I knew that I had to intervene with skills that would help me to not make the situation work and that would hopefully make me feel better. Enter the Worksheet 1a.

Emotion Regulation Worksheet 1a: Describing Emotions

Name: Debbie
Date: June 7, 2012 10:20 am
Emotion Name: Anxiety
Intensity (0-100): 92

Prompting Event for my emotion (who, what, when, where): What triggered the emotion?
Headache/muscular pain, appetite issues (and anxiety around eating), gastrointestinal issues, someone I love leaving for three weeks, home from work (broke routine) to care for my cat who had surgery yesterday. Triggered by dehydration fears due to the diarrhea. Fears that I could end up going to the ER.

Vulnerability Factors (What happened before that made me vulnerable to the prompting event?
Stressful event at work this week, stressful event with cat having surgery and then me needing to stay home and miss work, getting closer to loved one’s departure (and I don’t have much of a social circle right now, except at my job), possibly hormonal (PMS), diet not the greatest this past week. Sleep not the greatest this past week, both due to worry.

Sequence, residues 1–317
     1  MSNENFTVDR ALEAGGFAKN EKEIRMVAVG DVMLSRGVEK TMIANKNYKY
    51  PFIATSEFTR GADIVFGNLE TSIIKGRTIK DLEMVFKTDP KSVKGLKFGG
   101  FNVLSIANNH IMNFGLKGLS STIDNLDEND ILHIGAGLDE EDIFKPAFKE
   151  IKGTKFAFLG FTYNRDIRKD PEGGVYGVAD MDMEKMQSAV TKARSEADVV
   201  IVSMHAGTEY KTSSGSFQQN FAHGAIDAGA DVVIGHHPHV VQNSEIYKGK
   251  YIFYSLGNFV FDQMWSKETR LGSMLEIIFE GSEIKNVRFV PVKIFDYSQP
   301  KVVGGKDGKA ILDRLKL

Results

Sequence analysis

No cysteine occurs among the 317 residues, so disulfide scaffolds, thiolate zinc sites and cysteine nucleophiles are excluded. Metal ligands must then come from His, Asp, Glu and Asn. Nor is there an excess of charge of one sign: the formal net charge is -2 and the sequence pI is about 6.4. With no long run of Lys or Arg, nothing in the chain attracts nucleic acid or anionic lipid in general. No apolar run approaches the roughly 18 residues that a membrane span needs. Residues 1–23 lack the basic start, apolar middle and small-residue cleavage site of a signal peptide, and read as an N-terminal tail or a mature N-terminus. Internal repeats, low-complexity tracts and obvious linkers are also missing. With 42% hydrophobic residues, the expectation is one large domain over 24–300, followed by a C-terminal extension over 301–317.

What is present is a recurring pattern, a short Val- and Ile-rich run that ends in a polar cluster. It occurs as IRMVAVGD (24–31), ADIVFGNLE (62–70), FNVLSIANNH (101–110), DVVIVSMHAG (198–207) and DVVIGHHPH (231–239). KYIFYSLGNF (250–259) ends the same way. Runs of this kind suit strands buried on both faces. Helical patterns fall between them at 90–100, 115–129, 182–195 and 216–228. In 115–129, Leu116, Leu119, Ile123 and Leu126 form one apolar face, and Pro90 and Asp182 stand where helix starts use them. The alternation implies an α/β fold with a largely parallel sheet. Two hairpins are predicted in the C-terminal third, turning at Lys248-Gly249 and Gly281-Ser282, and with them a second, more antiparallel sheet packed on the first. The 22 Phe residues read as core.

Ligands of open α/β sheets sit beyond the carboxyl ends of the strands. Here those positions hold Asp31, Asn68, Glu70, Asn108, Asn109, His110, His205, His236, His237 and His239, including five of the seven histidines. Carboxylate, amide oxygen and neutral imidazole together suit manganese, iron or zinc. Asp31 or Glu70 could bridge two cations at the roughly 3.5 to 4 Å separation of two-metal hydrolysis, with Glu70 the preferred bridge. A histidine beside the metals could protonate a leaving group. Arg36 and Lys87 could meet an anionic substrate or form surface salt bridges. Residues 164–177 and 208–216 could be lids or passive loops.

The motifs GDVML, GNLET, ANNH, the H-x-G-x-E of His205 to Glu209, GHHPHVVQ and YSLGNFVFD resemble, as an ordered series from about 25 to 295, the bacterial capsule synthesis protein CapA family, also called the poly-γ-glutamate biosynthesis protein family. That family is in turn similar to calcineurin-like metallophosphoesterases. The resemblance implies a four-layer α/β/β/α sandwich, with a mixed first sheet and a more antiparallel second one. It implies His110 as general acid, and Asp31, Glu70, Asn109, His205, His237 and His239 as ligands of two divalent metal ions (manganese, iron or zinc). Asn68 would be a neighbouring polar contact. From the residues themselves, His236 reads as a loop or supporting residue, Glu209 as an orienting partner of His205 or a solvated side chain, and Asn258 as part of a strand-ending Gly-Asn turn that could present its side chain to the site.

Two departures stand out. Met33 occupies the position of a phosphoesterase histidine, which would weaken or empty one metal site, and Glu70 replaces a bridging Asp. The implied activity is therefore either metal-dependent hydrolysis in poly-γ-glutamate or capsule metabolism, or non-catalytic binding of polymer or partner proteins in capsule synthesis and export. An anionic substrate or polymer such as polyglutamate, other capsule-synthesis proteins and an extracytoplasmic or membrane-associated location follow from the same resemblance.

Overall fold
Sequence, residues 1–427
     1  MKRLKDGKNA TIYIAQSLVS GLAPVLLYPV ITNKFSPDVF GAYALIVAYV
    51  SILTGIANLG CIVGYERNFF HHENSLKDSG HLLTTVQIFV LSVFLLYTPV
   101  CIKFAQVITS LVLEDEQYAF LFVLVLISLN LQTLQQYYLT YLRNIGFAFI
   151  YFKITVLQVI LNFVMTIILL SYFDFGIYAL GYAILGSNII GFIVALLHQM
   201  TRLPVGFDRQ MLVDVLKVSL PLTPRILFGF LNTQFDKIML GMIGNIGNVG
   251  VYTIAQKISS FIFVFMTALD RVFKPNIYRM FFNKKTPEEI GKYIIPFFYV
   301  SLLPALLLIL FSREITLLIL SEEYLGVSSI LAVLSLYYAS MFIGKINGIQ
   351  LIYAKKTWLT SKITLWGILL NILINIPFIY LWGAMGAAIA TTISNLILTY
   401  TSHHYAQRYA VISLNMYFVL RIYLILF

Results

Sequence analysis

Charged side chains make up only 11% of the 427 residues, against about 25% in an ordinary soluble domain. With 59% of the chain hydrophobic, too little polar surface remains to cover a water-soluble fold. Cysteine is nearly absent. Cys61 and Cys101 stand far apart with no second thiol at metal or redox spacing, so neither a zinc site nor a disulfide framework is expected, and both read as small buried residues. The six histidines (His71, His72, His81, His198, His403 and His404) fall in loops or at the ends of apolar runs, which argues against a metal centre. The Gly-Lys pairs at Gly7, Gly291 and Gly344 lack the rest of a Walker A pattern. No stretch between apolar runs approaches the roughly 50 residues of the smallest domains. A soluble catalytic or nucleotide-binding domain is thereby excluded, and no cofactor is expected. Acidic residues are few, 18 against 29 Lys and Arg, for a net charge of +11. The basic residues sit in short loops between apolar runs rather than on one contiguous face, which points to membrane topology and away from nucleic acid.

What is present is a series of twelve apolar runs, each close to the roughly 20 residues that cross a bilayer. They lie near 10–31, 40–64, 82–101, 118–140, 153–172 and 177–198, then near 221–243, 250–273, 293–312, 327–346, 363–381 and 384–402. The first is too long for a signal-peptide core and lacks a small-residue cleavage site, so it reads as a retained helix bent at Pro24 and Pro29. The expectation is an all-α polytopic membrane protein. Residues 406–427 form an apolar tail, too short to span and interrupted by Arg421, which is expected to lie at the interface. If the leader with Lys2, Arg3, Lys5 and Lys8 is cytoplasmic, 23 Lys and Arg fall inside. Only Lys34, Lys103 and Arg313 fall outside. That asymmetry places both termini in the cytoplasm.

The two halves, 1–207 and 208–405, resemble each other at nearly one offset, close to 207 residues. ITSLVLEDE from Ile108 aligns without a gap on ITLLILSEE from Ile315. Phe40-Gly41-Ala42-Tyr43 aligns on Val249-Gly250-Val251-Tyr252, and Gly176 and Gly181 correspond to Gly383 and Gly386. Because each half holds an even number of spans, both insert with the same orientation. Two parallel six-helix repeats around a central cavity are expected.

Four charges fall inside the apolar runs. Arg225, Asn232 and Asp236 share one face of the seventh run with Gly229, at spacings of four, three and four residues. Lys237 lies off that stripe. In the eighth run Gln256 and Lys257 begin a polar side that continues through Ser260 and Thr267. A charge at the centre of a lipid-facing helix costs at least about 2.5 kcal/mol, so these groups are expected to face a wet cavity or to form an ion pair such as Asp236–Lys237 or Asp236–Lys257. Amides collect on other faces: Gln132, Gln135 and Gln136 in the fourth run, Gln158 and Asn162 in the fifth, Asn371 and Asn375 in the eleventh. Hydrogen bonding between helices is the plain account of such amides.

Interpretations (beliefs, assumptions, appraisals of the situation)? 

Just a quick note here. I read this the other day, and it is SO true…

The image above was taken from a book one of my DBT group peers brought to class this week. It came to mind, in the midst of all of this inner turmoil, while I was filling out the Interpretations section. It is called The Mindfulness Breakthrough: The Revolutionary Approach to Dealing with Stress, Anxiety and Depression, by Sarah Silverton, with foreword from Jon Kabat-Zinn. I plan on picking it up, as it looks excellent.

A mix of over reactive “emotion mind” (not this again! I’m freaking out! I have diarrhea – what if I become dehydrated or can’t eat today? What if I ended up going to the ER and disappointing others and myself since I just announced my one year anniversary of avoiding this behavior?), “reasonable mind” (This is JUST my body’s COMPLETELY NORMAL reaction to fear/anxiety/perceived threat, and once I can calm down, these symptoms will subside – the bathroom visits, the lack of appetite, the fearfulness. I have evidence of this from past episodes/experience and because of scientific fact on how the human nervous system responds.)